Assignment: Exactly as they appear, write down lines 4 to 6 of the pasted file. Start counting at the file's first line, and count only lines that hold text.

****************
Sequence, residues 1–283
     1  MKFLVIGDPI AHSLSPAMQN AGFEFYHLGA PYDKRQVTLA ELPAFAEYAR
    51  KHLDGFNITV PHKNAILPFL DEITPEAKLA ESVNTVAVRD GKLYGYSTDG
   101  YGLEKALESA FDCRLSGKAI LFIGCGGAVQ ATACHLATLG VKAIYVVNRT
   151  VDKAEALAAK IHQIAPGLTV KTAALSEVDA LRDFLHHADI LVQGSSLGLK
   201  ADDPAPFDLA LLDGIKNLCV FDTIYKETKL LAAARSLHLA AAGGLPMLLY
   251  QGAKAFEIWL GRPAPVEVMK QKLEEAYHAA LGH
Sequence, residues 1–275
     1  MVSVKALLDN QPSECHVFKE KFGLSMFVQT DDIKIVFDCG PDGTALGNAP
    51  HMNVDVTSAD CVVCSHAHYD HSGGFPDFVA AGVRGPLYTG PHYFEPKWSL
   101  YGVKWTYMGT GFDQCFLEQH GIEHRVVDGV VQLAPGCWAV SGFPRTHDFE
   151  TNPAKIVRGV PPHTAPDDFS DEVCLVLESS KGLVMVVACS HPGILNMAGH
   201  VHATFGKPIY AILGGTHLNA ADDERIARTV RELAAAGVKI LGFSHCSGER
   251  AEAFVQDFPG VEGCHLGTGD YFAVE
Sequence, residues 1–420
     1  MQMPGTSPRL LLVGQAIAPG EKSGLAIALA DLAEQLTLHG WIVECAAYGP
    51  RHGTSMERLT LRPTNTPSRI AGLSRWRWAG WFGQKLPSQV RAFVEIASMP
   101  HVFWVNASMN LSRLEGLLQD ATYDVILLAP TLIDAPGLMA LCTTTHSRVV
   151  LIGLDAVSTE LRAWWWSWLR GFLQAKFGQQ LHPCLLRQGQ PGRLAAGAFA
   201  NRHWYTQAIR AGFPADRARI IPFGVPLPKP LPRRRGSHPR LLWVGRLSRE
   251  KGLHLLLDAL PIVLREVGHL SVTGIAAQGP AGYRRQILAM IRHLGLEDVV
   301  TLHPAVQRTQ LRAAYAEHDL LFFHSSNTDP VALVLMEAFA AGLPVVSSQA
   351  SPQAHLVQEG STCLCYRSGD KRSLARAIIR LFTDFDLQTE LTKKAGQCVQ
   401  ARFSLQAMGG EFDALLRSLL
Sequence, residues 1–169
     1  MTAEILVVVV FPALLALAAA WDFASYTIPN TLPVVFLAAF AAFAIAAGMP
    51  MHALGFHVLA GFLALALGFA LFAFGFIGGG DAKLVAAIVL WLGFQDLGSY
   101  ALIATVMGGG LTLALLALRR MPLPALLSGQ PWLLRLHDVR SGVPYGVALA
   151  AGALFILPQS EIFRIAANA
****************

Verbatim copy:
   101  YGLEKALESA FDCRLSGKAI LFIGCGGAVQ ATACHLATLG VKAIYVVNRT
   151  VDKAEALAAK IHQIAPGLTV KTAALSEVDA LRDFLHHADI LVQGSSLGLK
   201  ADDPAPFDLA LLDGIKNLCV FDTIYKETKL LAAARSLHLA AAGGLPMLLY